Micron Technology Inc. (MU) is poised to move higher after a slight pullback. It is also another demonstration as to how important March 16 was in the market as a whole. On March 16, many issues were distributed by their Designated Market Makers. Read my article on May 8, Market Set to Head Lower.
The Block matrix below gives a reasonably clear view of both sides of the distribution cycle. On March 16, you see the distribution and shorting being conducted and on May 31, to the present you see the short covering and accumulation. It is not by accident that these blocks transacted at the highs and lows of the range. Everything on the floor of the exchange happens on purpose.
I believe that it is possible (but not certain) that Micron will retest the low and double bottom at or around $5.50. I also believe that a fairly significant long term capital gain position has been established by the Designated Market Maker in this issue. What this means is that he has been supplying the recent advance from the $5.25 lows by shorting and he will need to cover his short positions. I believe he does not want to disturb his trading account which he uses to maintain a fair and orderly market or his segregated investment accounts, which he trades on his own behalf. He wants to keep those accounts in tact.
On the Basis of the foregoing these are my views and observations:
I recommend establishing a long position in Micron Technologies. Open your position with only 1/4 of whatever capital you intend to commit to Micron Technologies at $5.89. Purchase the remaining 3/4 of the position at $5.42 and stop out at $5.20. Do not post your stop out. I have said it before but it is so important that at the risk of being redundant and in an abundance of caution I will say it again. It is too easy for the Designated Market Maker to cash investors out by moving the price above or below your stop out and move the price right back down or up again. In addition, when a stop out is triggered it converts into a market order and that could be disastrous if the Designated Market Maker decides to really take advantage. Remember the "Flash Crash"? I would be looking to exit the trade at an upside price target of $6.61. Do not allow this position to exceed 5% of your overall portfolio. You should seriously consider writing puts to establish your initial position. If the stock is put to you, then the premium will bring the cost basis down and if not then the premium is money in your pocket.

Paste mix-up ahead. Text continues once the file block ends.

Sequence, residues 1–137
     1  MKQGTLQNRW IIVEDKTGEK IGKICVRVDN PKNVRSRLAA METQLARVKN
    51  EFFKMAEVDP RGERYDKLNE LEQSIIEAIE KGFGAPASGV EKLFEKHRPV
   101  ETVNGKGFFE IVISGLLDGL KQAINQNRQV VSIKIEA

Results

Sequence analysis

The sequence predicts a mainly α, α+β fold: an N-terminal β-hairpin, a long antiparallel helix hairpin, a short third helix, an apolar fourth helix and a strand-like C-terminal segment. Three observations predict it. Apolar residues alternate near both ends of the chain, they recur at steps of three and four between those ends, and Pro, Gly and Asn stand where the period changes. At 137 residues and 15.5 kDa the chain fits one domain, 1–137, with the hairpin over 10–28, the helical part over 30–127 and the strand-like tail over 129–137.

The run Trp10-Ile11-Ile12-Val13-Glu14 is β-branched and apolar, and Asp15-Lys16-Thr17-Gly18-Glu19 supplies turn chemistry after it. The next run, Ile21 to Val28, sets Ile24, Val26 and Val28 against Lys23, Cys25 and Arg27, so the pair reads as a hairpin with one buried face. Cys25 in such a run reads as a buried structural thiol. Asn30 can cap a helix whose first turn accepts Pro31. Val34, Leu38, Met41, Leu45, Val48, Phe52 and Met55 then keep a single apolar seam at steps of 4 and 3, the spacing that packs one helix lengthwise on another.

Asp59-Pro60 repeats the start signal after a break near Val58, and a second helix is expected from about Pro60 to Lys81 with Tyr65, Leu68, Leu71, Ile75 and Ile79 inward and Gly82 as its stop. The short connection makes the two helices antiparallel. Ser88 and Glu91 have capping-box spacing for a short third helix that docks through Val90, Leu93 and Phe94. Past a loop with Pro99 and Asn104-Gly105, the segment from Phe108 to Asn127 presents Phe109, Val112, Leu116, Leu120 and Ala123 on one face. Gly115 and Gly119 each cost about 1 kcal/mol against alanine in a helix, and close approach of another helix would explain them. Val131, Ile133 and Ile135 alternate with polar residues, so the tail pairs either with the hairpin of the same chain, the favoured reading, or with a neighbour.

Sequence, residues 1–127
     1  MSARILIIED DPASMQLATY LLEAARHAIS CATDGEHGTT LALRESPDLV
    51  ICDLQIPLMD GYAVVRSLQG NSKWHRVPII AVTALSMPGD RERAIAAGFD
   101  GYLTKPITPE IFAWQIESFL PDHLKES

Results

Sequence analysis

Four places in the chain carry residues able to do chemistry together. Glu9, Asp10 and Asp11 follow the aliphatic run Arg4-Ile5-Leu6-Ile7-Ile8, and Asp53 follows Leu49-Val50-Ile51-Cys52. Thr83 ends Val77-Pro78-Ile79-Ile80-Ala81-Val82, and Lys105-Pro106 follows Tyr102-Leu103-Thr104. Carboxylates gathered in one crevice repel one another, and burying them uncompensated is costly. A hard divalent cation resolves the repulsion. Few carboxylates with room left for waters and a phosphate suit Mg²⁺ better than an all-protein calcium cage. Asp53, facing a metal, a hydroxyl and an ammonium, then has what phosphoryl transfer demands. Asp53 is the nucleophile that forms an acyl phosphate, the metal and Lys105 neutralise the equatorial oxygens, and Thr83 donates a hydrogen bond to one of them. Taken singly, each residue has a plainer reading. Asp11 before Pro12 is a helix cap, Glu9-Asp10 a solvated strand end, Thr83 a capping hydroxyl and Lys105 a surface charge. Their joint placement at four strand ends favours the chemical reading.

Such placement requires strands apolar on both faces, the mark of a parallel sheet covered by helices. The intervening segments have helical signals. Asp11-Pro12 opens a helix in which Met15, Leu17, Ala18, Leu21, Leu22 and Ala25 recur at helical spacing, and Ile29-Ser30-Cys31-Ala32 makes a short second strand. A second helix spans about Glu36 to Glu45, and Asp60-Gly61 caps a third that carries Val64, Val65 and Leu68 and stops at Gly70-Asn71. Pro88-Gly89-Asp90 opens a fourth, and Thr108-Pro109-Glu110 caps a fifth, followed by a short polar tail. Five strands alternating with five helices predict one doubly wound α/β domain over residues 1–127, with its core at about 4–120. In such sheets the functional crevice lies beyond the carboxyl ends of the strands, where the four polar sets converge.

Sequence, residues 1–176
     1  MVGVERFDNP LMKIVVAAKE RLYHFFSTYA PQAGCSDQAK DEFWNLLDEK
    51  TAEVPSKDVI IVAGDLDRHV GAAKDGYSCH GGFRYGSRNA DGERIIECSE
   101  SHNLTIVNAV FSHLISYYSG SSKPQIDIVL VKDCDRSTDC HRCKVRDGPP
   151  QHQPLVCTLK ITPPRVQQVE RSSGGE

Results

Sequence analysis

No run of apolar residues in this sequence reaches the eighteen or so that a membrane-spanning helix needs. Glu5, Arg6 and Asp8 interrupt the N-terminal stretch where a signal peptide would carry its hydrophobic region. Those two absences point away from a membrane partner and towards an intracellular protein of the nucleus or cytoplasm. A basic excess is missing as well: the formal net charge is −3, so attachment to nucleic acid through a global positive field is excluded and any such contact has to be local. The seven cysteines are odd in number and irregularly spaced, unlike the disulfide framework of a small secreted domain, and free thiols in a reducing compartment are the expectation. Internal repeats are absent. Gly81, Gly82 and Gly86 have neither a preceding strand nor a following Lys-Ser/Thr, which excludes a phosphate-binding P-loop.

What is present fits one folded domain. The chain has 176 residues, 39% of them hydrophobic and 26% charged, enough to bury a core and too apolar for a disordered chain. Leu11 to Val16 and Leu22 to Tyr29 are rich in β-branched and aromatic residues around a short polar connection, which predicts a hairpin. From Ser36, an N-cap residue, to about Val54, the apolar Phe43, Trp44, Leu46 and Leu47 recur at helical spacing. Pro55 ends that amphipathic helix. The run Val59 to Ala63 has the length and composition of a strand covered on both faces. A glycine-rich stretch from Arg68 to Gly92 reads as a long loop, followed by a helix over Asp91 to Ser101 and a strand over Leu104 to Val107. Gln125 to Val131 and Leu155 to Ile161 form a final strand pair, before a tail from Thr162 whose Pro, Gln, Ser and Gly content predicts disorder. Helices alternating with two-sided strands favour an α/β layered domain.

There is always the possibility that the trade may not work out.
There Is Never A Sure Thing (particularly on a short)
Investors must realize and recognize that there is never a sure thing. Sometimes events that have a low probability of occurring bring forth very serious consequences should they come into being. Investors must judiciously consider what the inherent practical limits are and how much they stand to gain in relation to the risks involved in establishing any position.
In addition, persistence can become desperate folly by allowing a losing position to become a viable argument for deciding on a new position. Rather, such decisions should be based on the current and soon-to-be circumstances.
Any position in which one unexpected factor has a significant impact on your portfolio is the result of poor planning. It is a fault most commonly associated with people who want to explain away their losses. SUN TZU -Art of War "Use an attack to exploit a victory, never use an attack to rescue a defeat."
If you follow the process recommended and the trade does not work, the overall loss in this model is $3,000.00. That amounts to .003 of the overall portfolio (theoretically valued at $1,000,000).
And finally, never be a brave and brainless investor because a fool and his money are soon parted.
A portfolio of $1,000,000 should position size in the following manner.
This is a trade, not an investment. Be ever vigilant.
That's it for now…. Have a nice day.